The Parental Investment of First-Generation African American Rural College Graduates in Cultivating College Student Success



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This basic qualitative study examines the parental investment strategies of first-generation African American rural college graduates in cultivating college student success. Extant literature has demonstrated that the role of the family is necessary to support the college student and that the investment of the parent is paramount to student college completion. Although educational attainment is an important goal for African American rural residents, research detailing strategies that cultivated student college completion among this population is needed to fill the gaps in the literature. The objectives were to discuss communication, involvement, and factors of influence to determine how these parents transferred their educational beliefs to their children and supported them through college graduation. These stories of success were told through the eyes of first-generation parents and their second-generation adult offspring.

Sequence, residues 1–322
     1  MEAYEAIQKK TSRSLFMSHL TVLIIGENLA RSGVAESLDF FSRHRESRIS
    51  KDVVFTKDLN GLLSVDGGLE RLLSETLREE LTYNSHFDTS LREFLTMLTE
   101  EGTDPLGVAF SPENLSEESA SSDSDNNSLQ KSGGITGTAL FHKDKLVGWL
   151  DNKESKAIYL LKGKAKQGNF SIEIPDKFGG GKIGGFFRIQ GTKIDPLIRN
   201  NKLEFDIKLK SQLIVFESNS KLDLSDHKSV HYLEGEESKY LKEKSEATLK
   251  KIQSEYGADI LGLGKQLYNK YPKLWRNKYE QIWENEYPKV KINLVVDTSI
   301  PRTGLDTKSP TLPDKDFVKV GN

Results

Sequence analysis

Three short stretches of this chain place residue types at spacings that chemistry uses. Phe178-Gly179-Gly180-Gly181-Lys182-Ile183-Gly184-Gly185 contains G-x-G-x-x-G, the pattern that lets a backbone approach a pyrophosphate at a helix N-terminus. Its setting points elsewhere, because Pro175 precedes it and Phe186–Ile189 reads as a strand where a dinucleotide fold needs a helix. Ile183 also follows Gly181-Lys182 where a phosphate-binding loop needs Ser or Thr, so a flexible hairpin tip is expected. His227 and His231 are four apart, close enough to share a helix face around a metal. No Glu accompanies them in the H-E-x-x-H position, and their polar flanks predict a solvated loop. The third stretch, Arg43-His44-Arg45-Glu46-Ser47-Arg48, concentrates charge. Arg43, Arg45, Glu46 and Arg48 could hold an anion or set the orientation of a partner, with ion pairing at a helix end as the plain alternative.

Research detailing the parental investment strategies toward college completion is necessary to inform parents, educational institutions, and rural college student completion in postsecondary institutions of the strategies necessary to ensure college success in this population. Lieberman?s transgenerational theory, along with concepts extracted from parental investment as it relates to education, provided the conceptual lens for the study. Data collected through interviews and documents were analyzed utilizing content analysis. Ten semistructured interviews were conducted with parents and their adult offspring. Interviews gleaned the lived experiences of the participants. Data analysis revealed six themes: (a) Catch Them Early, (b) Set the Tone, (c) Keep Them Busy, (d) Don?t Let Them ?Break Rank,? (e) Encourage Advancement, and (f) Tell the Generations. The findings support the importance of developing a family investment team, how a return on parental investment occurs, making use of rural extracurricular programming, and transferring positive beliefs regarding higher education.